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Date story published: Sunday, January 4, 2004

As North Carolina Coach Roy Williams saw it, Kentucky's 61-56 victory yesterday was more about good feeling than good playing.

Both teams effectively disguised their status as the two winningest programs in college basketball. Kentucky again futilely attempted the most elementary of skills -- putting the ball in the basket -- for a large chunk of the first half and the decisive final stretch run. Living down to Williams' subterranean expectations, North Carolina simply stopped defending for a pivotal period in the second half.

After the two superpowers played mutually assured destruction, the game came down to a high-arcing 22-foot shot over two defenders with the shot clock down to five seconds and the game clock showing 24 seconds.

Not exactly high percentage.

"My guess is Tubby would have liked a layup rather than a deep shot over two guys' hands," Williams said of UK Coach Tubby Smith.

Maybe so, but Smith definitely got the shooter he wanted: senior guard Gerald Fitch, the buzzer-beating hero of several UK victories.

"We had to take a shot," Smith said. "I'm glad Gerald was the one who took the shot."

Fitch's shot, which came off a Chuck Hayes screen in front of the UK bench, put the Cats ahead 60-56. It also dashed Williams' hopes for victory. "I honestly thought they'd miss the shot and we'd go down and win," said Williams, who made a point of speaking to Fitch as the teams shook hands afterward. "I told him it was a shot he'd remember for a long, long time."

Fitch downplayed his clutch jumper as "nothing big. Just trying to be a leader."

Fitch also played it cool about his team-high 21 points and, most importantly for this game, his single-handed success in giving Kentucky a perimeter shooting attack. He made all five of Kentucky's three-point baskets and all seven of the Cats' baskets from outside 5 feet.

The sharpshooting blew away memories of Fitch's 8-for-27 shooting the previous two games and his 2-for-8 start against Carolina.

"I felt I had been settling on the three-point line too much," he said. "I wasn't aggressive. Playing laid-back. I wasn't making things happen."

Kentucky (9-1) followed a familiar pattern. A quick start (10-2 lead barely three minutes into the game) gave way to feeble shooting (4-for-24 over the final 16 minutes of the half). With Melvin Scott making three three-pointers, Carolina took the lead midway through the half and assumed a 28-20 lead at intermission.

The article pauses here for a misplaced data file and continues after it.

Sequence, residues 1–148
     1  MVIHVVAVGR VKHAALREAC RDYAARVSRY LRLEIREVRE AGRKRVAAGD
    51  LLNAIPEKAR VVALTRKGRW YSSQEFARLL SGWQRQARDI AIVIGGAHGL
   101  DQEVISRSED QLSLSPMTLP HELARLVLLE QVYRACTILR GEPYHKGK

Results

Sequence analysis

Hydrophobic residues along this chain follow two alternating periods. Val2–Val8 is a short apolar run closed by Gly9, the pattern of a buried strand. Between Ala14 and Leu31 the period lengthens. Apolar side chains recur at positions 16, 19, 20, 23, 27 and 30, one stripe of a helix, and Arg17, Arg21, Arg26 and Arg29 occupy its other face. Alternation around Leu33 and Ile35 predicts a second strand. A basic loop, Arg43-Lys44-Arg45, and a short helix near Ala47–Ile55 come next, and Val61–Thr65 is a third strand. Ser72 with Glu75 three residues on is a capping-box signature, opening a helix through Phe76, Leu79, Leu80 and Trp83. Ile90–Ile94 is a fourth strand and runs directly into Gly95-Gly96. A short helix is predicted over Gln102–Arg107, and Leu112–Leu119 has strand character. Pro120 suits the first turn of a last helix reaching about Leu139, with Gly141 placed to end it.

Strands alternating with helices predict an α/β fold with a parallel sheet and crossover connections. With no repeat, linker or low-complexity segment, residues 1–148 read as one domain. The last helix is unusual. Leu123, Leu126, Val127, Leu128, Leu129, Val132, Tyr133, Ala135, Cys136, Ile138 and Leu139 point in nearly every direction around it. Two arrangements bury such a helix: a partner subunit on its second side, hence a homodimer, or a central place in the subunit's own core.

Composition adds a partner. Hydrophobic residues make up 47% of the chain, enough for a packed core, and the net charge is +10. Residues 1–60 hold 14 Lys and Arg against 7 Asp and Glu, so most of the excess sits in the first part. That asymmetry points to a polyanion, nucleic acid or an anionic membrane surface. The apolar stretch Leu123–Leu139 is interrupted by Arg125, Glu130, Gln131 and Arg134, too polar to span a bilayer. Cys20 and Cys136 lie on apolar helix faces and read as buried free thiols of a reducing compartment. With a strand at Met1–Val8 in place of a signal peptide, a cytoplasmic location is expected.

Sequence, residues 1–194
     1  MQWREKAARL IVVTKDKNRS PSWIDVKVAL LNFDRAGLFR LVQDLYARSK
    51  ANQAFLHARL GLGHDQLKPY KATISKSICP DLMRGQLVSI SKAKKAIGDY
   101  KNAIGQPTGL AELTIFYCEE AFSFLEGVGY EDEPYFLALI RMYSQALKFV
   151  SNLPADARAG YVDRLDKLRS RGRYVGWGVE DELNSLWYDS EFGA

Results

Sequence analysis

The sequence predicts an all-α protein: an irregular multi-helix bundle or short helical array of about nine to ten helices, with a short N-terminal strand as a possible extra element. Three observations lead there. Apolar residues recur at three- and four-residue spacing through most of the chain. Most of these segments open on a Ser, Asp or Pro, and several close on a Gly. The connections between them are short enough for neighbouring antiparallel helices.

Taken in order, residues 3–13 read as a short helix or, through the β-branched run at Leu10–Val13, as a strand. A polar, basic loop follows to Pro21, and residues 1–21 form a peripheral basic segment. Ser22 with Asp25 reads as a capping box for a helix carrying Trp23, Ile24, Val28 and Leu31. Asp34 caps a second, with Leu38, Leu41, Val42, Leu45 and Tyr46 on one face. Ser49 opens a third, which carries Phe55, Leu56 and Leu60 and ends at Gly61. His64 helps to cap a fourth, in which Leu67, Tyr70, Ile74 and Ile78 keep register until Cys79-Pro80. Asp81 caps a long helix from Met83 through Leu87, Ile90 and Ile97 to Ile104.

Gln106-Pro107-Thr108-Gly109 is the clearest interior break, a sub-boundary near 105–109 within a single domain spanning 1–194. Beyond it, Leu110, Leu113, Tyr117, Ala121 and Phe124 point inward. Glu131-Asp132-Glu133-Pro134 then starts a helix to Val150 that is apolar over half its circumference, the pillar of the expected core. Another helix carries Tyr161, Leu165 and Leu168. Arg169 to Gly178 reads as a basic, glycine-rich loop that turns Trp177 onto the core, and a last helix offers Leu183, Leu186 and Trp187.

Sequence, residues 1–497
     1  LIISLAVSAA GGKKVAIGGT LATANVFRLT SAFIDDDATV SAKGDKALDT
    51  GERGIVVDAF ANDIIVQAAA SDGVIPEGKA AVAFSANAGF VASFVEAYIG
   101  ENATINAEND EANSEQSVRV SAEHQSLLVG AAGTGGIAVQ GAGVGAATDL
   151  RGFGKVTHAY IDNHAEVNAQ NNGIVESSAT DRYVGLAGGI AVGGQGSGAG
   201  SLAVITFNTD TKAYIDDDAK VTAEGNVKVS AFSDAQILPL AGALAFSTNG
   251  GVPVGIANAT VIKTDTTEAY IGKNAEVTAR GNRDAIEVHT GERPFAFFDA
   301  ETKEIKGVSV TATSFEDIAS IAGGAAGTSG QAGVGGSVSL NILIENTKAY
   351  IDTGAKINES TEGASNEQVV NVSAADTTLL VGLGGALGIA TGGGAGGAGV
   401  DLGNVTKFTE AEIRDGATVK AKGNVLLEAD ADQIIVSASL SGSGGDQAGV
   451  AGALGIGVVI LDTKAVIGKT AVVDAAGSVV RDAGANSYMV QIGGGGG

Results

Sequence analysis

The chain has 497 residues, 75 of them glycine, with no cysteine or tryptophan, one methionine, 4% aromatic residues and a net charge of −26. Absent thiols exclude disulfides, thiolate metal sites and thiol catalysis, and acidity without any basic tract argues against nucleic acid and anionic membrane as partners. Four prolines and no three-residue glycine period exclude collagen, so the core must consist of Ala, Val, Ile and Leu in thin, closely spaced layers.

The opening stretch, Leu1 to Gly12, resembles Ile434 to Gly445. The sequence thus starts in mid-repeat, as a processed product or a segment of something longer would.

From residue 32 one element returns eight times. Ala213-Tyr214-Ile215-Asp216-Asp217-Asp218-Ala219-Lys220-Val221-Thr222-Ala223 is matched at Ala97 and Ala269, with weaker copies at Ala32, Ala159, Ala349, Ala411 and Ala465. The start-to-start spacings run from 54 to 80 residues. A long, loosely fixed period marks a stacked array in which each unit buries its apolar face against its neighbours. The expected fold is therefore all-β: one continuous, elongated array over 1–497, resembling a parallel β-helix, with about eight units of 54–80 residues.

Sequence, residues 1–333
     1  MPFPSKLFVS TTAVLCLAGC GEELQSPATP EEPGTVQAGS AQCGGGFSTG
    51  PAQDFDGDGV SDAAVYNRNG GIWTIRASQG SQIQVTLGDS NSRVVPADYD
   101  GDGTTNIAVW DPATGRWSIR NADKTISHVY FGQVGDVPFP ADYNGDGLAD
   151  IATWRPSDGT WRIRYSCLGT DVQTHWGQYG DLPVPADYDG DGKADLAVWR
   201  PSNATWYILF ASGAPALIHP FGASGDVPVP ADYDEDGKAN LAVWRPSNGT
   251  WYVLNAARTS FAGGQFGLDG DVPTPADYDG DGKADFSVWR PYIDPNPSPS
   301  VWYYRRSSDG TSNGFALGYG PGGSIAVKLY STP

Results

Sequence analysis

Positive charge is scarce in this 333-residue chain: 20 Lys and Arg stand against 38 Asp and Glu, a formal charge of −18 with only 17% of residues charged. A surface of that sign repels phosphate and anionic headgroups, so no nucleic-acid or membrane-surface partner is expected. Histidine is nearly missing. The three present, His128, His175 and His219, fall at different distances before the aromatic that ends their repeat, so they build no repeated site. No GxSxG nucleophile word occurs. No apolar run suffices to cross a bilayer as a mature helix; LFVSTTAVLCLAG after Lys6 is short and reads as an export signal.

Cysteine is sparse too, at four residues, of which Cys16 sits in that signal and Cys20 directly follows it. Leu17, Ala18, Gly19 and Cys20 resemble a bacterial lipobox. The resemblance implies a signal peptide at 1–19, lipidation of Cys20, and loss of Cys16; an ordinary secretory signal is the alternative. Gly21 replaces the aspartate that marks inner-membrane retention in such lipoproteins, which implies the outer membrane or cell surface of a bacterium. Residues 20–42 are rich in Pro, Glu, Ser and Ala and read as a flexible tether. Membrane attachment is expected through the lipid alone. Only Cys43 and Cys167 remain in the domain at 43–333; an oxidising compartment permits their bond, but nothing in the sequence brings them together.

Before taking the court for the second half, Hayes huddled his UK teammates and gave them a message.

"That we were playing terrible," he said. "That we were way better than how we were playing. We ain't playing like we love the game. We're just playing like we're going through the motions."

Even with fouls causing Hayes to miss a chunk of the second half, Kentucky dominated. The Cats made 15 of their first 19 shots of the second half. Erik Daniels scored 12 of his 18 points in that stretch.

Smith credited a halftime adjustment where the Cats began mimicking the pick-and-roll play Carolina used in the first half. "We felt, till they stop us, keep going to it," Smith said.

To hear Williams, he almost grinded his pencil into his clipboard trying to get the Tar Heels to defend a screen set for the dribbler.

"I think we work on screen on the ball more than anybody in America," he said. "During one timeout, I drew the spot on the clipboard where I wanted (a defender) so much it caused a rut in the clipboard. I grooved it in there. We go out and we go to the wrong spot."

Fitch hit three foul-line jumpers in a four-possession span to draw UK even at 37 with 13:12 left.

A Daniels layup gave the Cats the lead for good at 43-41 with 10:57 left.

UK led by as many as six down the stretch. But point guard Raymond Felton's only three-pointer of the game brought North Carolina within 57-56 in the final minute and set up the Fitch shot that separated two teams in need of improvement.

"It was a great game in terms of competitiveness," Williams said. "It was not a great game in how pretty it was or how well either team played. But neither team is very pretty in most situations anyway. ...

"(You) feel a heck of a lot better in the other locker room even when you play poorly if you can win at the end."